Has anyone ever…? (Talking through the pre-hike jitters)

During the weeks and months preceding the start of hiking season, forums everywhere buzz to life, like the bees in spring. Wide eyed first timers descend upon the internet, sometimes more like locusts than bees, clicking out the same repetitive call: “Shoes or boots?” “Has anyone ever brought a guitar?” “Poles or no?” “Shoes or boots?”

I love reading these questions! It takes me back to my planning days, a time when everything felt like Christmas Eve, except for a whole year. Looking back on the questions I asked, I’m surprised by how many of the answers I’d give myself now such as, “it doesn’t matter,” or “of course,” or, “you’ll figure it out; just go!”

Of course, phrasing it exactly like that just sounds mean, even if it’s true. I wanted to find a way to just tell everyone, “Relax, you’ve got this,” but without being a jerk about it.

Giant's Thumb

Green Giant’s Thumb says “You can do it!”

Well, now it’s time again and the next swell is rising. People are even beginning to talk about 2017 and even 2018, so I think it might be time to say it again. Here’s my answer to every version of the question:

Has anyone ever…?

Yes. Yes they have.

Whatever your end of this question is, the answer is probably yes. A sixty-something woman with an army blanket and sneakers did it. A blind guy did it. Multiple double-amputees have done it. Diabetes, cancer, hemophilia, dementia, mania and depression have all finished the trail. You can too.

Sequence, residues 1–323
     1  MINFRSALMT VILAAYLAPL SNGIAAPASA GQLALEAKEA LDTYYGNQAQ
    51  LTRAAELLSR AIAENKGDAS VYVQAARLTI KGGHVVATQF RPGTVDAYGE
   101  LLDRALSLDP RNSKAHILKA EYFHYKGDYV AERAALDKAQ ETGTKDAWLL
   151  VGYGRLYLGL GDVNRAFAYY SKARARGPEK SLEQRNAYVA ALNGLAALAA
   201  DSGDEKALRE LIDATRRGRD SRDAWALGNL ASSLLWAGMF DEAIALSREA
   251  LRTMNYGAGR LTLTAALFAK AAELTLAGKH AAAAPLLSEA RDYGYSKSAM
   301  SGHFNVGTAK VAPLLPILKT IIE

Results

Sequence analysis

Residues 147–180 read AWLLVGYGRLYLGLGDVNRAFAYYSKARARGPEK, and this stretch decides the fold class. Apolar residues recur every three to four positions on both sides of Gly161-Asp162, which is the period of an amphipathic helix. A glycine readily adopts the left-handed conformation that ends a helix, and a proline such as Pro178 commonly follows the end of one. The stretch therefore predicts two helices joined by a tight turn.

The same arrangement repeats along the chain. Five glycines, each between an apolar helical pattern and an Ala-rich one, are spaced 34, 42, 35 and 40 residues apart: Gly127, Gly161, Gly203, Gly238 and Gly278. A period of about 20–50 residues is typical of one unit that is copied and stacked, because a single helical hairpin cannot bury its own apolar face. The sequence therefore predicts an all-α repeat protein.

So bring your dog, bring your colored pencils, bring your significant other, or don’t. Wear shoes or boots. Or sandals. Or nothing. It’s all been done, which means you can do it.

Can I bring a musical instrument? Of course. What about a xylophone? I suppose. If you really try, sure. I’m pretty sure someone carried a tuba the whole way once. Go for it.

Keep the following in mind, and you’ll be fine: Your plan WILL CHANGE. That doesn’t mean it will fail, just that whatever you’re picturing the trail to be like is not what will actually happen. The good news is that you have literally hundreds of opportunities to change your plan along the way. Wrong footwear? Tough it out for 3-5 days and adjust. Wrong sleeping pad? Tough it out for 3-5 days and adjust. Regretting your decision to carry a pool table the whole way? Just around the bend is a post office, send it home.

As long as you wake up every day and can still walk, you’ll make it. All the rest is details, and as long as you’re okay with change and the unknown, you’ll make it. Unless you’re making an actual attempt at a world record, there are no rules to this. (Other than LNT and HYOH, of course!) Remember, this is YOUR hike. YOU get to define the terms of your own success. Some of the side trails are more beautiful than the AT. Take them, but only if you want to.